Fundamental research or fundamental science is the area of science that focuses on basic mechanisms and principles. The aim is to create knowledge for its own sake, without having to have a concrete application in mind. Scientific breakthroughs often come about when researchers more or less accidentally discover something. And the practical application of scientific discoveries then often only becomes clear in the long term. It therefore makes sense to give researchers free rein in their choice of subject. The KNAW report “Space for independent research” (2015) concluded that the (financial) scope for independent fundamental research has narrowed considerably over the past decade. The TWIN-figures (2016) and the Rathenau report “Chinese dishes” (2016) confirm this finding. Additionally, Ammodo has recognised a more limited availability of resources for researchers 10-15 years after receiving their PhDs. These insights have led to Ammodo and the KNAW together creating the Ammodo KNAW Award which gives both organisations new opportunities to contribute to the stimulation of fundamental science. Ammodo finances the award and, together with the KNAW, is responsible for the nomination and selection process, the communication and the awards ceremony.
José van Dijk, President of the KNAW: “The Ammodo KNAW Award is an important stimulus for fundamental research across the full range of sciences: from pure science, to the social and natural sciences. In addition, this award allows young researchers who are already halfway into their scientific careers the opportunity to enter as yet uncharted territory, with open minds searching for new knowledge”.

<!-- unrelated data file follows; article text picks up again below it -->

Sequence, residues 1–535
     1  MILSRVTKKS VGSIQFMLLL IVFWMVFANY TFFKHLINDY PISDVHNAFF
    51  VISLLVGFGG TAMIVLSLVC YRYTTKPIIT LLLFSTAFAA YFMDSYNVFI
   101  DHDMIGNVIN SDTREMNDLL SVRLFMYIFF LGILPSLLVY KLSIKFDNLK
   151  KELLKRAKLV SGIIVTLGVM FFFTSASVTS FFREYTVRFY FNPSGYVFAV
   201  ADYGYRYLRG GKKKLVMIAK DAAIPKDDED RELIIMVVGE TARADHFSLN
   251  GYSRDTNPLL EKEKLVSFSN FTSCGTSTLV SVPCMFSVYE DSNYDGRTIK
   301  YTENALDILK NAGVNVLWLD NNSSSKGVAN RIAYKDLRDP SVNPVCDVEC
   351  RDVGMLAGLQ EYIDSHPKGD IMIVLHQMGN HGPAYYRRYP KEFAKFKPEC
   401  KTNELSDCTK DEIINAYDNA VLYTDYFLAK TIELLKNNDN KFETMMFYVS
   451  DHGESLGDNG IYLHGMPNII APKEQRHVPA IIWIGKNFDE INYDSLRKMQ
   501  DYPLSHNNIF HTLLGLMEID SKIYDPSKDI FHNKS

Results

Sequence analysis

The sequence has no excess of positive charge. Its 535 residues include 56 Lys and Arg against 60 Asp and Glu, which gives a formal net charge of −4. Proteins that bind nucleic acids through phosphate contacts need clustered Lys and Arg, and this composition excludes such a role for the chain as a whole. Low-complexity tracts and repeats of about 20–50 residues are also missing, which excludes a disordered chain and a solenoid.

The first Ammodo KNAW Awards were made in 2015 to Caroline Klaver (Biomedical Sciences), Thijn Brummelkamp ( Biomedical Sciences), Asifa Majid (Humanities), Barteld Kooi (Humanities), Arwen Deuss (Natural Sciences), Ronald Hanson (Natural Sciences), Serge Dumoulin (Social Sciences) and Frank van Tubergen (Social Sciences).
The next Ammodo KNAW Awards will be presented in March 2017 to Jeroen Geurts (Biomedical Sciences), Eva van Rooij (Biomedical Sciences), Olivier Hekster (Humanities), Alicia Montoya (Humanties), Appy Sluijs (Natural Sciences), Guido van der Werf (Natural Sciences), Roshan Cools (Social Sciences), Eveline Crone (Social Sciences).